On Thursday (April 16), a financial support plan of €29.3 billion targeting the domestic wind energy sector in Germany was approved by the European Commission. The decision was disclosed in a press release from the EC.
The Commission stated that the investment is not in breach with EU state aid rules, as the aid is limited to what is necessary to realizing the investment, Reuters reported. The wind projects were under scrutiny due to their large size, which exceeds the 250 MW threshold set by state aid rules for environmental protection and energy. According to the EC statement, the state aid would not distort market competition.
The decision gives the go-ahead for twenty offshore wind farms with a combined capacity of about 7 gigawatt (GW). This will result in a substantial growth of total wind energy capacity in the EU, which in 2014 accounted for 128.8 GW, with over 30 percent of the total coming from Germany with a capacity of 39.2 GW, as reported by the European Wind Energy Association (EWEA) in their 2014 statistics (pdf). EWEA estimated that the 2014 level of wind power capacity in the EU produces about 284 TWh of electricity per year, covering 10.2 percent of the total EU electricity demand.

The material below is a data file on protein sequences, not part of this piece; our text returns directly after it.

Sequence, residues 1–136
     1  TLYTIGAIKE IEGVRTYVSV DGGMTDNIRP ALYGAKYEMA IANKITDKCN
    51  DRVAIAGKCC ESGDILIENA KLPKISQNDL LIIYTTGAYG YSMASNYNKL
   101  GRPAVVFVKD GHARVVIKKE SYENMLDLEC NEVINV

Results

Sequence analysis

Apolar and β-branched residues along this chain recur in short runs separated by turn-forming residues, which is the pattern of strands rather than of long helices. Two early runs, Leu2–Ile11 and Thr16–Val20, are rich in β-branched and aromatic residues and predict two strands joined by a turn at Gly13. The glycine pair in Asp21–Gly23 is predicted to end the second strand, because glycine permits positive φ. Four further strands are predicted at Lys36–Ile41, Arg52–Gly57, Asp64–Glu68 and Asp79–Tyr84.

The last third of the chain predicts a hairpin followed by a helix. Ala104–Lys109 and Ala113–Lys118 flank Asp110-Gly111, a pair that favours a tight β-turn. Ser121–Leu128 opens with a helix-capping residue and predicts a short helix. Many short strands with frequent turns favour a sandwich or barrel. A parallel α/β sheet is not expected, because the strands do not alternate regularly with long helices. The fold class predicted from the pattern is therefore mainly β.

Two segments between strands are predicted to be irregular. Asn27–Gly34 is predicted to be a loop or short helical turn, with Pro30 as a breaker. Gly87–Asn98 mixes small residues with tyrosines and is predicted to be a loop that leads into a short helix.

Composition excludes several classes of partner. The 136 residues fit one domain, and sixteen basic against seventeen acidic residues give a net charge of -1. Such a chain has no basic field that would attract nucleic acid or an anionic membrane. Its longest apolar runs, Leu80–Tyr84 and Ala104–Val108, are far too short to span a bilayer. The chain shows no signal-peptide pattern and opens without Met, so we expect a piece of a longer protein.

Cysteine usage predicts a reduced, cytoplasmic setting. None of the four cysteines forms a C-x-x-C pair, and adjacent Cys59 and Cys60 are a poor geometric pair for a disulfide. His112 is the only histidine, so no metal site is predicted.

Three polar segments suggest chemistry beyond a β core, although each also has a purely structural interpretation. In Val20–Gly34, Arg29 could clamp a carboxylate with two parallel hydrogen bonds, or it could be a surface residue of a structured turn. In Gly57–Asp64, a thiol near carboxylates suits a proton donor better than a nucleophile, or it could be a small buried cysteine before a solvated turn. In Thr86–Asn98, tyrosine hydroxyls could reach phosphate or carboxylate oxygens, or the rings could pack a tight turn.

Financial support to the wind energy projects will be conveyed via the German Renewable Energy support scheme (EEG 2014). Under this framework, aid will be granted through a premium on top of the electricity market price.
The investment contributes to the phase-out of nuclear from the German energy mix, in accordance to the German energy transition (Energiewende) strategy developed after the Fukushima disaster of 2011. The wind farms should be operative by 2019, contributing to meeting the EU and German energy and environmental targets, the EC said.
Wind energy capacity in Germany has grown sharply since the turn of the century, from nearly 5 GW in 1999 to 39.2 GW in 2014. As reported by the Guardian, looking at the net capacity growth in 2014 Germany outperformed all other EU countries, with an increase of 5.28 GW as opposed to the 1.74 GW of the United Kingdom, who came in the second place.
(Image: Offshore wind farm in Thanet, England, September 2010. Photo credit: Nuon/Flickr)